Asus Zenfone 2

Kazam Tornado and Thunder

While the UK-based Kazam founded by former HTC execs is not yet a well-established brand, its smartphones may soon gain some traction. Below you can see the Android-based Kazam Tornado 348 flagship and the Kazam Thunder 450W featuring Windows Phone.

Kazam Tornado 348

Firefox OS

Looking for the more affordable smartphones on offer, we headed over to the Firefox booth to see the new Firefox OS devices. You might have heard about the $40 entry-level smartphone. The device is clearly cheap, but with its 2-core CPU and up to 500MB data bundle, it might actually convince users to swap their feature phones for smartphones.

The odd transparent housing of the first mid-range Firefox smartphone, the Fx0, also caught our attention. Manufactured by LG and branded by KDDI, the 4.7-inch device is powered by a quad-core 1.2Ghz CPU.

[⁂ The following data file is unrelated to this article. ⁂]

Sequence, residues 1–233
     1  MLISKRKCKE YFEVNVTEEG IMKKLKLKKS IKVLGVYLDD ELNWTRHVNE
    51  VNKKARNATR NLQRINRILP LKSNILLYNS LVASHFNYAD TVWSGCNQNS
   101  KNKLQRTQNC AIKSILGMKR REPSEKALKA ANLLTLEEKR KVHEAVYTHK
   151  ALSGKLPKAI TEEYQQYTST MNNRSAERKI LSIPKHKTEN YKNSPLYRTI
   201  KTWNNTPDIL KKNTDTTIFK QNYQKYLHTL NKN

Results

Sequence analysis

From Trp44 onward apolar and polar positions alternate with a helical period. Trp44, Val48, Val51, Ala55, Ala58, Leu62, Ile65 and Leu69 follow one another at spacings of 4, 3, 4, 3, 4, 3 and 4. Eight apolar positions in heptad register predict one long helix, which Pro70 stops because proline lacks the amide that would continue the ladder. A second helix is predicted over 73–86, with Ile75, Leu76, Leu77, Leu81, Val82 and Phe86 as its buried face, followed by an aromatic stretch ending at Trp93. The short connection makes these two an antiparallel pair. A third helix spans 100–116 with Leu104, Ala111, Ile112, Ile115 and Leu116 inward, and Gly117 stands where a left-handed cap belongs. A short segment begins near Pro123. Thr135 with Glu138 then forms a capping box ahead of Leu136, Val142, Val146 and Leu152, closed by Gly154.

Firefox Fx0


We covered the first Tizen-based smartphone Samsung Z1 available in India and Bangladesh a few months back. This device was available at the Tizen booth where we learned that over 200,000 Z1 units have been sold so far.

No breakthrough in the smart watch world

We didn’t expect Mobile World Congress 2015 to really push smart watch penetration, given that no wearable innovations were on show in Barcelona. The biggest launches were perhaps the luxury ones including Huawei Watch and LG Watch Urbane.

The Kickstarter-funded Pebble Time Steel was also on show at this year’s MWC. Its power-efficient E Ink display is not as crisp as the LCD but it improves the relatively long battery life (up to 7 days).